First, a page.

Ventures in Constructing an All-Weather Investment Portfolio

In an attempt to prepare investment portfolios for any one of a host of future economic environments we may find ourselves, consider three models:

(I) Canary in a Coal Mine investment model

In a word, this model was designed to help adjust to the future potential of a 1970’s like stagflation (slow/no growth with inflation).  This model is by no means a foolproof method of investing in all environments.  However it was one of the indicators we found that first signaled a shift out of bonds after a period of market turbulence in the mid- to late-1970s.  We know that as the 1970’s wore on, interest rates increased driving down bond prices.  The result was a period of stock out performance.  The indicator has added support as today’s fair valuations of investments suggest stocks may outperform bonds on a real basis over the next market cycle.

At the time of this post, the indicator suggests investing in stocks.

Here is a graphic depiction of the indicator from 1970-1981 compared to stock and bond index prices.

(II) Sector Selector investment model

After the canary in a coal mine indicator would suggest an investment move, look next to the sector selector.  This indicator compares different sectors of the market in order to determine whether to invest.

The three blue arrows on the chart below highlight time frames where the sector selector suggested slow growth or recessionary conditions.  Again it is not fool proof but has a respectable record of cautioning for a future recession.  The two most recent recessions are depicted on the graph as well as a current indicator that suggests slow growth/recession could be ahead.

At the time of this post, the indicator suggests recessionary conditions ahead.

(III) Flying Under the Radar investment model

A final model aims to add additional growth to the previous models when warranted.  The flying under the radar model is more volatile and therefore requires gauges to suggest when to buy and sell.  The gauge we employ is: investor confidence.

The graph depicts modeled hypothetical portfolio growth over time.  More importantly, entry and exits points are noted with an “O” when investors are believed to have maximum optimism and a “U” when they display minimum confidence (or under confidence).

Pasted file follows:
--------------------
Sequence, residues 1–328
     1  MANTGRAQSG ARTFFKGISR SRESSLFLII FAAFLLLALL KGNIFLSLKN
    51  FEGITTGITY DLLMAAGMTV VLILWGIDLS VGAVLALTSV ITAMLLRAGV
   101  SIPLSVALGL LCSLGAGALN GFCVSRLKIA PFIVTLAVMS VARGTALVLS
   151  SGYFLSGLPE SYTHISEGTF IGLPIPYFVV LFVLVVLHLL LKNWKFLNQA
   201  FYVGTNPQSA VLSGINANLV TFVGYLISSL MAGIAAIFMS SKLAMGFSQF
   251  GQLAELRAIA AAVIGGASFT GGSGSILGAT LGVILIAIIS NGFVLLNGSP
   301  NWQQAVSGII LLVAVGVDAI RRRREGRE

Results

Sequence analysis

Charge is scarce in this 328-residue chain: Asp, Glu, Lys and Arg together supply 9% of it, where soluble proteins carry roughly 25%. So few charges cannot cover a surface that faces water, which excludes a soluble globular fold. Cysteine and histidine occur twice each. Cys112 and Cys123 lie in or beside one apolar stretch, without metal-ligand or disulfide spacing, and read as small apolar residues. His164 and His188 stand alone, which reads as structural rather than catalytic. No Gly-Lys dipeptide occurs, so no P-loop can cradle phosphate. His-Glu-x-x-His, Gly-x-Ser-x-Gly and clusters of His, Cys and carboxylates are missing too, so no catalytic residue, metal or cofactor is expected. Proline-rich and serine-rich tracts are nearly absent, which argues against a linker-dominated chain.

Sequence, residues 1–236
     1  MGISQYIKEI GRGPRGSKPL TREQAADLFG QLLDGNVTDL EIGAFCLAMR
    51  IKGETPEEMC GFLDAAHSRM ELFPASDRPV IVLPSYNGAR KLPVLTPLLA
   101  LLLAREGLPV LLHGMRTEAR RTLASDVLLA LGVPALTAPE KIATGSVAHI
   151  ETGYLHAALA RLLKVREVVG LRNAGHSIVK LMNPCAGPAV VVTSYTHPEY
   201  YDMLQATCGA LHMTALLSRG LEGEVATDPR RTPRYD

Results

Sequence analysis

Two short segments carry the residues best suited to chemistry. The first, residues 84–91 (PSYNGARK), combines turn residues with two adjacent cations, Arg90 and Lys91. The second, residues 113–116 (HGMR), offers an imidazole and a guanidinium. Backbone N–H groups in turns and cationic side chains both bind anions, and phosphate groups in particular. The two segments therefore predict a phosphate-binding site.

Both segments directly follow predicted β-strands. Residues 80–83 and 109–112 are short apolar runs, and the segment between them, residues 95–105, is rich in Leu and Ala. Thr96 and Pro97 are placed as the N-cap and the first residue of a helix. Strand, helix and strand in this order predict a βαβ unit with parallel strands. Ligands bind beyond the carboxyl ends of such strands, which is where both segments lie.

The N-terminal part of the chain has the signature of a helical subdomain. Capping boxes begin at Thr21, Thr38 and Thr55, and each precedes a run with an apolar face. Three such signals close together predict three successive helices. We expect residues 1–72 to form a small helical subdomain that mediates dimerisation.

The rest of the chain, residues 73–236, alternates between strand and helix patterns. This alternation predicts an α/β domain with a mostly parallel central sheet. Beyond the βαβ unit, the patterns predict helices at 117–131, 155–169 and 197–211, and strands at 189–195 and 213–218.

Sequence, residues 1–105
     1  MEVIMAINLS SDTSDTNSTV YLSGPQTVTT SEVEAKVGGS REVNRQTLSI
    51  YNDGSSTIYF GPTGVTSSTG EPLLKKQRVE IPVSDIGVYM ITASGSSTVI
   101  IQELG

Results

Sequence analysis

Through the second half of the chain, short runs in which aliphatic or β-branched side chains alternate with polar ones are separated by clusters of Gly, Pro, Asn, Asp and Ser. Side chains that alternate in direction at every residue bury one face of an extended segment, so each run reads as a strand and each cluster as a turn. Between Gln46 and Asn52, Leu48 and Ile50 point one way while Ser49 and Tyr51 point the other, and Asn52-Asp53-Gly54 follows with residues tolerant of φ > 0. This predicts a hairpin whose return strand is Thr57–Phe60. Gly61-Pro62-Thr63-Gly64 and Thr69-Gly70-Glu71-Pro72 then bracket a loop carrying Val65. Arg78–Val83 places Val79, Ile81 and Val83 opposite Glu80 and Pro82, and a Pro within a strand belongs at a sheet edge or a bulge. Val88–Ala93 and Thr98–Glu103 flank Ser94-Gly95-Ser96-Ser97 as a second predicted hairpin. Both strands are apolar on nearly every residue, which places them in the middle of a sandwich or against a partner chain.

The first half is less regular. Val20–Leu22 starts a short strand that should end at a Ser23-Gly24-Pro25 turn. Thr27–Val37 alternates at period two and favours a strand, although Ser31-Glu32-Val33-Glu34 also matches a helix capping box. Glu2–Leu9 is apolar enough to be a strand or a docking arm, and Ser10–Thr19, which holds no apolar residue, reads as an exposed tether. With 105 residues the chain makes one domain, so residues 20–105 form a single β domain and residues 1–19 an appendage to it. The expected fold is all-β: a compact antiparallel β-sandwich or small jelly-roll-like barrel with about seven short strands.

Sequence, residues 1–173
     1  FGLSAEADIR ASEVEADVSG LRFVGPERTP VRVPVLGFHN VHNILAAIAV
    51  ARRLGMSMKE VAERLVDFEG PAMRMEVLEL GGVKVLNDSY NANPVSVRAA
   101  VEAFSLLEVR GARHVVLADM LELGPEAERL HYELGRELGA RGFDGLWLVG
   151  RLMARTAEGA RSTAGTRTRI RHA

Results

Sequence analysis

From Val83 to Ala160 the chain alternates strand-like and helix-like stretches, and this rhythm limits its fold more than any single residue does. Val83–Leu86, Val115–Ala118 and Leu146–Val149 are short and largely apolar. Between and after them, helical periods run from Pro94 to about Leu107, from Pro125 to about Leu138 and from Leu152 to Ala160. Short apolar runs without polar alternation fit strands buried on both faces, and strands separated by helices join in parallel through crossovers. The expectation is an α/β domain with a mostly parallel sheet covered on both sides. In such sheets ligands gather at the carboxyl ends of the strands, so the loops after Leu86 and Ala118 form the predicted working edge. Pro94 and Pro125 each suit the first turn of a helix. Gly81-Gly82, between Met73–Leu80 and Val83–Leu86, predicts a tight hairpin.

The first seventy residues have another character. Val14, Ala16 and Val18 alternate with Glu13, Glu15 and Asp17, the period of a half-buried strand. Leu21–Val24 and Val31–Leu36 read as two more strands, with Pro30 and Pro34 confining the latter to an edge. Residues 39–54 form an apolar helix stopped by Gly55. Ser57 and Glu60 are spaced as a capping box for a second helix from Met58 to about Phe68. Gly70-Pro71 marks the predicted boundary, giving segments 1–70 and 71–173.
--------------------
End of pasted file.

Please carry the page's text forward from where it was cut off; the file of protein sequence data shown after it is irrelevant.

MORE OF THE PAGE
At the time of this post, the model suggests holding investments; the gauge is neither at a peak nor a trough.  A trough developed on August 24, 2011 [designated by the rightmost black-colored “U” in the graph below]; a suggested date to “buy” the portfolio.  More specifically as the red investor confidence line approaches a peak, long term investors should wait to invest new funds or hold funds until a new confidence trough materializes and aggressive investors may consider selling positions until a new confidence trough appears.

Again, not perfect timing necessarily.  However by combining more than one market gauge, we submit investors are better suited to navigate whatever climate our economy should deliver.

The aforementioned material is not meant to be construed as specific investment advice for a specific investment portfolio.  That would be a foolish interpretation.  Instead, each investor should consult his/her investment advisor for advice as to how to invest based on their specific investment profile.

Moreover as each graph title implies, these results are not meant to guarantee future returns.  Rather they are the fruits of many hours of research in which we discarded over 100 other investment models/indicators as either unsuitable and/or ineffective in the present market.  The presentation of this material is a research opinion not unmistakable proof.